Day two post the official Press Conference, June 7th, was sunny and warm, versus the previous day which was rainy and cold. This climate was much more conducive for all of the press and professional art world people who were pounding the cobble stone streets of Kassel, in search of dOCUMENTA (13) exhibitions. One of the largest and most centrally located building housing a whopping 75 artists is the Fridericianum in Friedrichsplatz. The number of artists alone in one particular location gives somewhat of an understanding of the large scope of this exhibition. Some of the most well known names in this site include Lawrence Weiner, Ida Applebroog, Emily Jacir and Gustav Metzger along with artists from a more recent past including Giorgio Morandi and Salvador Dali.
Upon entering the space and making a left into a large cavernous gallery, is a work by British artist Ryan Gander. The piece titled, I Need Some Meaning I Can Memorize (The Invisible Pull), 2012, is described in the accompanying label as “A gentle breeze pulling the spectator through the gallery space”, and is just that. The white walls radiate with a sense of empty solitude, something not often witnessed in an exhibition. Walking through the gallery, one will suddenly be aware of, in fact, a gentle cool breeze. It’s almost impossible to tell where it is coming from, having had looked for vents or fans of some sort. Magically appearing sans open window or an obvious, visual filtration system, adds to a sense of surreal quality. But the Blanche whiteness, still yet fluid is an exciting approach to not only an art piece but also in acknowledgement to space itself. Usually in exhibitions one is expected to “see”, we look and search for objects in hopes of visual satisfaction or desire for wonderment. However this piece by Ryan Gander does not provide for what most are hoping to find in a gallery setting. Rather, the breeze occupies the interior volume, filling the room, consuming the corners and strange spaces in between pipes near the ceiling. Watching those walk through and experience the breeze is a delight. Hair blows inconspicuously, and if caught at the right angle, a jacket or sleeve may wave silently. The installation involves two rooms and as the title suggests, spectators are invited to meander, whether they are investigating, looking for objects or just enjoying the whisper of air. Initially, one may think of invisibility. In what appears to be the “emptiness” of space, is actually a piece that needs the involvement of others. Not looking for or attempting to decipher objects or paintings, is something that instead lends itself to very small keen observation of the visual evidence of the breeze. Gander, in eliminating has instead made an artwork that is actually quite physical and encompassing, even if almost undecipherable by the human eye.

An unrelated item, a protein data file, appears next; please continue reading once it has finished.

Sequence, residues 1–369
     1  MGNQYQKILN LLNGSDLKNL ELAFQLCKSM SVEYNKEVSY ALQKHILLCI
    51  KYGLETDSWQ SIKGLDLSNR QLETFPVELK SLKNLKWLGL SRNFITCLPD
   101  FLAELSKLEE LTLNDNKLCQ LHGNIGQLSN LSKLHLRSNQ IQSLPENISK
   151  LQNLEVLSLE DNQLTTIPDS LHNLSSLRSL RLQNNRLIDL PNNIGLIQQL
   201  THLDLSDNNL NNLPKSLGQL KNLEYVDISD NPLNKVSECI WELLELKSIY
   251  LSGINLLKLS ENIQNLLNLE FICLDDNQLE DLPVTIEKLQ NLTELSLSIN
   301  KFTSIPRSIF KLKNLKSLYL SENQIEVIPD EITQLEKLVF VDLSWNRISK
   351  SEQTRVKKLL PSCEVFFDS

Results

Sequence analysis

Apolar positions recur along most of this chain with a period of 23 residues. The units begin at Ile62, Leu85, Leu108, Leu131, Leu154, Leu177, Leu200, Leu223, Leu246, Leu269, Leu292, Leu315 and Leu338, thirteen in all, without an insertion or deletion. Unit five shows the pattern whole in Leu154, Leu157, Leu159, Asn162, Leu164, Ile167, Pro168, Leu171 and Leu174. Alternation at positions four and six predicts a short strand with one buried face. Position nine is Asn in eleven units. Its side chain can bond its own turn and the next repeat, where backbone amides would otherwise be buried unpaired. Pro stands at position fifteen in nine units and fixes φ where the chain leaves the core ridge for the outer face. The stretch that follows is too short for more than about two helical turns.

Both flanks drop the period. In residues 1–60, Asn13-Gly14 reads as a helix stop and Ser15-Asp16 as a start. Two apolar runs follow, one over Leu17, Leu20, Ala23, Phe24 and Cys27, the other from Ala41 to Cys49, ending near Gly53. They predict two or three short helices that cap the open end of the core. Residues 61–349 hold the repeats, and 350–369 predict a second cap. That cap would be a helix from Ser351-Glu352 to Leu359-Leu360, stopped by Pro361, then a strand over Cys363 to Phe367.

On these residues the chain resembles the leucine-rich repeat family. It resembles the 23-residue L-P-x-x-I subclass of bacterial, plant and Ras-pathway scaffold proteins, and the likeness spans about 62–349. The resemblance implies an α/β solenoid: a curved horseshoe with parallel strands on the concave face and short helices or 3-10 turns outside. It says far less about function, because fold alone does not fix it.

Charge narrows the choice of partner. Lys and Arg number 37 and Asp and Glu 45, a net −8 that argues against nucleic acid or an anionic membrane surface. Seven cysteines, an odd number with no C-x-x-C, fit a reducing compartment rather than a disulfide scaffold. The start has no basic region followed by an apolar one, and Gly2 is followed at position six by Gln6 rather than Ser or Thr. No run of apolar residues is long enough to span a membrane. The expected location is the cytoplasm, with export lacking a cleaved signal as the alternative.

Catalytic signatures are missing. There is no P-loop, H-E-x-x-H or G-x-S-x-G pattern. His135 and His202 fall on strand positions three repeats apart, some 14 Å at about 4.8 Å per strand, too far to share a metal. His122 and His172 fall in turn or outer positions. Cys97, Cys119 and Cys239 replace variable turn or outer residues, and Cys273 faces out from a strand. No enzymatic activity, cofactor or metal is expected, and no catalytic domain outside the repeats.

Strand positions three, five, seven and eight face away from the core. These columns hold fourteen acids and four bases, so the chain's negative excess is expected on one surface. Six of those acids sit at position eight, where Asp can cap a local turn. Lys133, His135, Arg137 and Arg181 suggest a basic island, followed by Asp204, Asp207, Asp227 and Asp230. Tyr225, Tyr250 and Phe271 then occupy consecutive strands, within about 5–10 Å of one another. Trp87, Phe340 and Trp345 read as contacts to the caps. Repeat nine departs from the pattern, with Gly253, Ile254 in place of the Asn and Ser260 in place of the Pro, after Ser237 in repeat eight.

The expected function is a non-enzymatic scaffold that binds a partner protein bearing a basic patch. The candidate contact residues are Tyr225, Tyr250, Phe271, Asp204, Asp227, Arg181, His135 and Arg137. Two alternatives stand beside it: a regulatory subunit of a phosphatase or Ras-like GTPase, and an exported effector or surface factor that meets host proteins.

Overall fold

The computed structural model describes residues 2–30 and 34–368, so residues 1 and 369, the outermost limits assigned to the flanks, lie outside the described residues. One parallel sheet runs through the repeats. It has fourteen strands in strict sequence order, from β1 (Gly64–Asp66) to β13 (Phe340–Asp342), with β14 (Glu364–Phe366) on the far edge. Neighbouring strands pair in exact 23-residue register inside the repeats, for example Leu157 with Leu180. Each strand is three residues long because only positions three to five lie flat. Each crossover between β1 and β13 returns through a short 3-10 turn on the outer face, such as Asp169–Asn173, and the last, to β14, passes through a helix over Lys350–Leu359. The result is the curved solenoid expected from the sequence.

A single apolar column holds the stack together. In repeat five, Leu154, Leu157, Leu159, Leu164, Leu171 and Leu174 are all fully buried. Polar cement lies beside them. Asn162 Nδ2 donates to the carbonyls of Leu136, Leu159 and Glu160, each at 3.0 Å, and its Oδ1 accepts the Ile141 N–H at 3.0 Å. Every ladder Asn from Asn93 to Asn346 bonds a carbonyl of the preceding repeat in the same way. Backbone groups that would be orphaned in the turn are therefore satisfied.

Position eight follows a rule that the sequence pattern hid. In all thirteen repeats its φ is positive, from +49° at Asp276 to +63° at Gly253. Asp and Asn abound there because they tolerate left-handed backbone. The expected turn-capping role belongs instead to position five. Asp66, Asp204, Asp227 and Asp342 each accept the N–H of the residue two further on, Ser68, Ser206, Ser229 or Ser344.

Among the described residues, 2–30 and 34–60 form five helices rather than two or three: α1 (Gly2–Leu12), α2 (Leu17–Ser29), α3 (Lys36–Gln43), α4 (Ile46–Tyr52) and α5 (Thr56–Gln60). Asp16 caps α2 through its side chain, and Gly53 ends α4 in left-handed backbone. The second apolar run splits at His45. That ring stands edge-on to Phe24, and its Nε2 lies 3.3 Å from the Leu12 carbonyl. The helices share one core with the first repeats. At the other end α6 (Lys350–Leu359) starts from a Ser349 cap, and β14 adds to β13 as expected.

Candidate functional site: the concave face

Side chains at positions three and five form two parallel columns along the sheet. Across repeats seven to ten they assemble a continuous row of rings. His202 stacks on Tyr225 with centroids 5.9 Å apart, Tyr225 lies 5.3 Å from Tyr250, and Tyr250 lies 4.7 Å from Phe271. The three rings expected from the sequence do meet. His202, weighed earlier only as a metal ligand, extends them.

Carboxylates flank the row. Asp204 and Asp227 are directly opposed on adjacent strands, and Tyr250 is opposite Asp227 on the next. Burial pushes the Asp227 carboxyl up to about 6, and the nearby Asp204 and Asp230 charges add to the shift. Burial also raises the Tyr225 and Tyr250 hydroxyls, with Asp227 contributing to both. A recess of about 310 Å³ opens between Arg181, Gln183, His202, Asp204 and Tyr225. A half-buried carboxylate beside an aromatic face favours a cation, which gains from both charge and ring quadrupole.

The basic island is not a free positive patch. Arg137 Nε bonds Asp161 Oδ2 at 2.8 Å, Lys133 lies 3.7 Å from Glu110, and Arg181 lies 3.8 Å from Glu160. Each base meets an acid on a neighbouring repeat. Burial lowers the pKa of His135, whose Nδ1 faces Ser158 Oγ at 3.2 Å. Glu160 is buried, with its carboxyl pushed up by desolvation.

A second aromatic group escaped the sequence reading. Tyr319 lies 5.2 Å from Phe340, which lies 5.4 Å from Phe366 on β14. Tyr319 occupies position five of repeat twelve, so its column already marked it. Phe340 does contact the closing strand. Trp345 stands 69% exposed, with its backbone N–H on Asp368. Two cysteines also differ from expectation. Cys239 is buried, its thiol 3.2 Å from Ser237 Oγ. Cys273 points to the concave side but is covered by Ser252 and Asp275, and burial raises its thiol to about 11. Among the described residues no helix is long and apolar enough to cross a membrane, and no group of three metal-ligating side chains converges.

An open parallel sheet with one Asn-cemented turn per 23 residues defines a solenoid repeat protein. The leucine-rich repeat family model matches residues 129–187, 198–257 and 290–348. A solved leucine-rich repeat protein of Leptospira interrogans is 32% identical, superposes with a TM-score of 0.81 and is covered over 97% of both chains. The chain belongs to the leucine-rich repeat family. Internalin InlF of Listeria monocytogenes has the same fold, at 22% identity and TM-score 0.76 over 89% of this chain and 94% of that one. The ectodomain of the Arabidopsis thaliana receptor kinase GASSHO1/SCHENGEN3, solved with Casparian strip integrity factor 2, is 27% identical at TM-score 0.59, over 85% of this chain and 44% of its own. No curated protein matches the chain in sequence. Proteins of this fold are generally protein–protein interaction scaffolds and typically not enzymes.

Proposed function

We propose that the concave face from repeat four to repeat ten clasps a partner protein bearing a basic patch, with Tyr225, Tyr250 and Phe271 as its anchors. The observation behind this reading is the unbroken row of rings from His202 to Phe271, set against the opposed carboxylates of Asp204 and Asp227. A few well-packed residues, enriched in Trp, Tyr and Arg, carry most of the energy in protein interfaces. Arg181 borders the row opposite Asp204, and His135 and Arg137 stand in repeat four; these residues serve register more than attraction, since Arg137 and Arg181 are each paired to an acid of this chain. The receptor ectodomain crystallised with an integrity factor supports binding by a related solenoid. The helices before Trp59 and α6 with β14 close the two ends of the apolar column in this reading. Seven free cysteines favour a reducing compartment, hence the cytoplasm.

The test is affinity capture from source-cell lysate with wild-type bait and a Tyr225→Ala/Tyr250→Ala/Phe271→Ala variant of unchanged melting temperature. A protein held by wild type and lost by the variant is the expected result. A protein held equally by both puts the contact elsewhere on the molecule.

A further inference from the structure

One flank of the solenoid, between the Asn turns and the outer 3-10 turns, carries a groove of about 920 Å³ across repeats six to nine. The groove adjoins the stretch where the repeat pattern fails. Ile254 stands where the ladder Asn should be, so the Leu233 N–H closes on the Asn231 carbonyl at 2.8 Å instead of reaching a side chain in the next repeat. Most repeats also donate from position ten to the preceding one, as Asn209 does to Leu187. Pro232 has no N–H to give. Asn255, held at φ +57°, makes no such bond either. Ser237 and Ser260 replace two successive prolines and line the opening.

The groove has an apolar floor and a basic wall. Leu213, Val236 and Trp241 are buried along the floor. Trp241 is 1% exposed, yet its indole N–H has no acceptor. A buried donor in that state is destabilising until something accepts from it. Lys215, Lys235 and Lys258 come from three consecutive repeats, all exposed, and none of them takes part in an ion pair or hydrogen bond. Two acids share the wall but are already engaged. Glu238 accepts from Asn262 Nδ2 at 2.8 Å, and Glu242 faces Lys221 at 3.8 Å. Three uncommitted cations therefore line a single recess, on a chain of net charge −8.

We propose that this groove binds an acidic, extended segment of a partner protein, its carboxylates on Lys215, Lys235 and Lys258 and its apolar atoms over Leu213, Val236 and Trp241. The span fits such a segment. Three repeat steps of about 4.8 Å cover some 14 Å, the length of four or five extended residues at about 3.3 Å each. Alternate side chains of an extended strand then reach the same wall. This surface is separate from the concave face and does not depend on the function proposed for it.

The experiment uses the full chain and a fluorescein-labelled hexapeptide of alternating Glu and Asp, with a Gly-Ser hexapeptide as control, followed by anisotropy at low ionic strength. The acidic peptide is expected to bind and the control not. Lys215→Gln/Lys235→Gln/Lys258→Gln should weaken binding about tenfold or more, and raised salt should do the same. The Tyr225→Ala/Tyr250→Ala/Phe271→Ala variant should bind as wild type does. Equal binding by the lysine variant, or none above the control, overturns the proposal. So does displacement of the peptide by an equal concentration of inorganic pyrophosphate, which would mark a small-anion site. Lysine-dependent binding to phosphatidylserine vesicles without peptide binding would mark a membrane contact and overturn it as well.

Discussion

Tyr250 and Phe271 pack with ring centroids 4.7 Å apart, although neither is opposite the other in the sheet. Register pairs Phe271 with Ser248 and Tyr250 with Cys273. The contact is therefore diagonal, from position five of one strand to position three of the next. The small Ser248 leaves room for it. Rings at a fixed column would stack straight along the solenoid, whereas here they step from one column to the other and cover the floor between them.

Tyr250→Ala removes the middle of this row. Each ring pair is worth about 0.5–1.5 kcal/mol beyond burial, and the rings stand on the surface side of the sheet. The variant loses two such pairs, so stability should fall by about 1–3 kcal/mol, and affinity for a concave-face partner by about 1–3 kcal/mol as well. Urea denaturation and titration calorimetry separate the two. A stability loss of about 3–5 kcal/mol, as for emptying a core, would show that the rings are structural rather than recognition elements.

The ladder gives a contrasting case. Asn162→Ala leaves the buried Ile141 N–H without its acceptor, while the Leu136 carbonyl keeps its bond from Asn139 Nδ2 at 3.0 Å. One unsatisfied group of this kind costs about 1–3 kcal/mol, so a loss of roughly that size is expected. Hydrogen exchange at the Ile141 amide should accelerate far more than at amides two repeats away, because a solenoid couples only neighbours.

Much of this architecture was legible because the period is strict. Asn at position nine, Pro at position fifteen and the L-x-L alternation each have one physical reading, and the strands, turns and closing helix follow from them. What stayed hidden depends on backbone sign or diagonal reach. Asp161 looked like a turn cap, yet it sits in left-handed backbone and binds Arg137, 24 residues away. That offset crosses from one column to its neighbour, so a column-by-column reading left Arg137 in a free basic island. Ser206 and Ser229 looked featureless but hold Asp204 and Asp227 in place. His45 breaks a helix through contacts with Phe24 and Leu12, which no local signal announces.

|Ceal Floyer, ‘Til I Get It Right, 2005/2012
Photo by Katy Hamer
Another artist whose work is in a small room next to Gander’s is Ceal Floyer. This piece, an audio installation from 2005 is titled ‘Til I Get It Right. Corresponding to the adjacent room, this space is also painted completely white and beyond two small speakers placed midway between the floor and the ceiling, empty, yet not empty. From the speakers a voice is emitted. Floyer, born in Karatschi, Pakistan is based in Berlin and London. She often examines intellect by way of focusing on the mundane along with humor, to create situations that may appear ordinary, but in fact are subtly altered confronting the viewer with a moment of subjection. For ‘Til I Get It Right, the artist used the song of the same title from Tammy Wynette, but what fills the room is a dreamy repetition of text: “So I’ll just keep on….’til I get it right”. The lyrical segment is oddly comforting. It fills the room, similarly to the breeze, but instead of being physically felt, the artist has made something that is meant to be emotionally felt. Some people leaned against the wall looking towards the ceiling, while others used the room to congregate and chat with friends. A few where aware of the soulful audio and strange message being broadcast. Again: “So I’ll just keep on….’til I get it right”. “So I’ll just keep on….’til I get it right”. “So I’ll just keep on….’til I get it right”. Lyrically and in a contextual loop, the words seem somewhat like an anthem, a reassurance, a reminder for persistence in the face of adversity.
- Not until one reads the description of the work in the dOCUMENTA (13) Guidebook, or if familiar with the original song, will he or she become cognizant of the artists manipulation removing a relevant line from the song. Written in 1973 by Red Lane and Larry Henley, the chorus included the pertinent line “falling in love”, therefore the full text is “I’ll just keep on falling in love ’til I get it right”. What Ceal Floyer has done by removing three words is completely alter not only the song, but the message. The piece, rather than feel pertinent to matters of the heart, instead transmits a message that communicates on a deeper, less superficial matter, the complex circumstances of life and all of it’s triumphs and failures.
“So I’ll just keep on….’til I get it right”.